Interferons

Interferons

Interferons (IFN-α2aand IFN-α2b) are compounds that are produced via recombinant DNA technologies in manipulated E. colistrains. Interferons "mark" infected cells by binding to receptors on the cell membrane of virus-infected cells. This binding signals the cell to initiate the synthesis of antiviral proteins that work via complex actions inside the cell to prevent viral replication and activate the immune system. Pegylated interferons are more effective in the treatment of mainly hepatitis C. Pegylated

IFN-α2a and pegylated IFN-α2b are interferons with a linked polyethylene glycol group, which contributes to a higher molecular weight. This reduces the renal clearance of the pegylated interferons, resulting in a a longer half-life and more stable serum concentrations. The interferons are not without adverse effects. Frequently patients will experience fever, chills, headaches, and myalgias with the initiation of therapy. Therefore, paracetamol is often co-administered with interferon-α treatment. The proportion of patients that will respond to interferon therapy seems to depend on which hepatitis infection is present (B, C, or D). The following graphs show the types of responses to interferon-α therapy seen in hepatitis C infected patients.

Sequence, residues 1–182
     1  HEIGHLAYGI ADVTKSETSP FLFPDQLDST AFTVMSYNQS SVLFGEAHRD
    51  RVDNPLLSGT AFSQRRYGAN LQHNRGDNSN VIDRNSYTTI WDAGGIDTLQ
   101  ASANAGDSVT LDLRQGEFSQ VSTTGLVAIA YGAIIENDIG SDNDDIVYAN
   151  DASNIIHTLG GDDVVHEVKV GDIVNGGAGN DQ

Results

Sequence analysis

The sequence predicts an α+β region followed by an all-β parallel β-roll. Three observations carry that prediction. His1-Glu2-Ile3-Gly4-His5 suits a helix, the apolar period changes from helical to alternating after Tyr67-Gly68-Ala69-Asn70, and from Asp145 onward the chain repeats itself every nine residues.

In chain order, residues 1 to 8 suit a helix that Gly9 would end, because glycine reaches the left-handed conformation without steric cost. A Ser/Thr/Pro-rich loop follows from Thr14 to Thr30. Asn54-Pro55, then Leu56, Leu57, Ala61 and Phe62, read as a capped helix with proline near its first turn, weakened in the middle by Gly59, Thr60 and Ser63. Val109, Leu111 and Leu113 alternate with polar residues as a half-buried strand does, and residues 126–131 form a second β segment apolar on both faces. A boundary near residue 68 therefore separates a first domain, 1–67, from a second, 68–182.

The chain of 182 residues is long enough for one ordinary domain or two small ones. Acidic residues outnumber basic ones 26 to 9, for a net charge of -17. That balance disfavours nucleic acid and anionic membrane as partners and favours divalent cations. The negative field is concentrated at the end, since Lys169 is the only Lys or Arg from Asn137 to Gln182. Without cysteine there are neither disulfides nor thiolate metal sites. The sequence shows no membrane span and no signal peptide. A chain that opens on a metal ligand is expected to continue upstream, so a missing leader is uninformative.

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Which of the following is true regarding treatment with interferon therapy?